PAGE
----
Chang concluded by saying, “I plan to continue creating such films utilizing my story-telling capabilities and filmmaking to leave a lasting impact on society for generations to come.”

InD wanted to pick the brain of this visionary filmmaker on the eve of his works being available as a group.

What inspired you to come to the United States?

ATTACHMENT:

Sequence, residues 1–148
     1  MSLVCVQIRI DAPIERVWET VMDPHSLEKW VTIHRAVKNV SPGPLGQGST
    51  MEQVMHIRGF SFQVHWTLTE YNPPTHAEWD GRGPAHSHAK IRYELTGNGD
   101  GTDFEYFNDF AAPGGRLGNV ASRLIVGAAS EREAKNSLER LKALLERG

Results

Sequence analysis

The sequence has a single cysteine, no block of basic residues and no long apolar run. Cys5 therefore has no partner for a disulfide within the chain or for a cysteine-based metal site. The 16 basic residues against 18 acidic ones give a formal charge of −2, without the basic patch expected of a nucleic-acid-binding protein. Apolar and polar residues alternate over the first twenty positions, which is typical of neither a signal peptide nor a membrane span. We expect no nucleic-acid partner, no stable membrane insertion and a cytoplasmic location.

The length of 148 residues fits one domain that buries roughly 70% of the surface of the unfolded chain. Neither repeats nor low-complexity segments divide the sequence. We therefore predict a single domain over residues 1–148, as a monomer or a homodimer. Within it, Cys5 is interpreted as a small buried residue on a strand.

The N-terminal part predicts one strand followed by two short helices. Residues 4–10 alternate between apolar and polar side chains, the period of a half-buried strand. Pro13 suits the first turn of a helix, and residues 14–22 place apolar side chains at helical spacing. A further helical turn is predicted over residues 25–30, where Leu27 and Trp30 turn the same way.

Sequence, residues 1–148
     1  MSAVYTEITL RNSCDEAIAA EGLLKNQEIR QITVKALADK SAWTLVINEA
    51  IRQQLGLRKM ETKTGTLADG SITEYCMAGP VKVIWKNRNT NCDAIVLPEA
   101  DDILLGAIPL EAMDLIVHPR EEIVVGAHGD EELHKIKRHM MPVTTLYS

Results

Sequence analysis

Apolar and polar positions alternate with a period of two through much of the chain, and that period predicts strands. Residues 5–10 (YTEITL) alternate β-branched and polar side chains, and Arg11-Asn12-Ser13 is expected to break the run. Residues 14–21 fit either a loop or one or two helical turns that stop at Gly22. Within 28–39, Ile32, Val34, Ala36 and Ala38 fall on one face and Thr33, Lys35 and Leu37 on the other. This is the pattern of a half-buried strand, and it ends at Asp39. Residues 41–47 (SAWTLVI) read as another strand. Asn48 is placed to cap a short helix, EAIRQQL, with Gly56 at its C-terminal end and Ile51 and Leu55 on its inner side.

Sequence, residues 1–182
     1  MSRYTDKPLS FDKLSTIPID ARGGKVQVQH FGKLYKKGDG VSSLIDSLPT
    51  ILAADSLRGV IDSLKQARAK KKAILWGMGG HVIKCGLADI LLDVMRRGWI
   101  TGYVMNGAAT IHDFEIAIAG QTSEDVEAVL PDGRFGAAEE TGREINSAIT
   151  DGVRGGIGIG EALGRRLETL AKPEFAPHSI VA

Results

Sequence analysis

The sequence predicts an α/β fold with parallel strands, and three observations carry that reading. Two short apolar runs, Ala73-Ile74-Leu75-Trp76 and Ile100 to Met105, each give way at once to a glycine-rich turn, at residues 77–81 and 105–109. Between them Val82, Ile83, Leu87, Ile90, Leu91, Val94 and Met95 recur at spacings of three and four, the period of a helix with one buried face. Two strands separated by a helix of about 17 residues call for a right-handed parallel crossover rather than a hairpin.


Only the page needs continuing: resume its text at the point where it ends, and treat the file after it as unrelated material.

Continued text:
I was born in a family with my parents who always busy taking care of their own company, it’s about the Air-conditioning industry. They work so hard almost 24/7 365 days when I was little. Thus, I and my younger sister usually took care of by my grandma. Sometimes my parents brought us to the theater to watch a movie at the weekend. We stayed inside the dark box for two hours. It’s precious family time for me to laugh, cried, enjoyed with my parent without any interruption by the work. By that time movies is more like entertainment to me, but Hollywood was a profound name in my childhood. When I was in college, I got into the animation field but I still had a high interest in live-action movies. Until a trip that I had in 2013, My animation short was selected by SIGGRAPH, which is the biggest conference on computer graphics in the world. It got me a chance to came to California. it had me experiencing in person how excellent CGI technologies that American has and influences the movie industry of whole the world, but the real trigger that made me want to get into the live-action field was after I spent the rest of the days of my trip to have tours in many picture studio like Paramount, Warner Bros, Universal Studio. I saw a number of classic movie titles on the outside of sound stages, crew members and golf carts busy around everywhere, a guy was sitting on a chair in the corner of the set and reading his notes on the script. As a movie lover who grew up watching Hollywood movies, it’s really hard to describe how profound those moments were to me in words, but I feel a strong simple pure pleasure inside me at that time. After that, I back to my country and determined to get into the next level of the medium of art. So, I started to study films by watching while taking care of my animation company, I got to know many art films and directors around the world like the French new wave, which is what inspired me the most. After 5 years, the movie is more than just entertainment to me, it teaches me using different perspectives to look and think of the world we live in. Until 2017, I came back to the U.S.A to get into the field that I dream of for pursuing that simple pure pleasure that filmmaking gave me.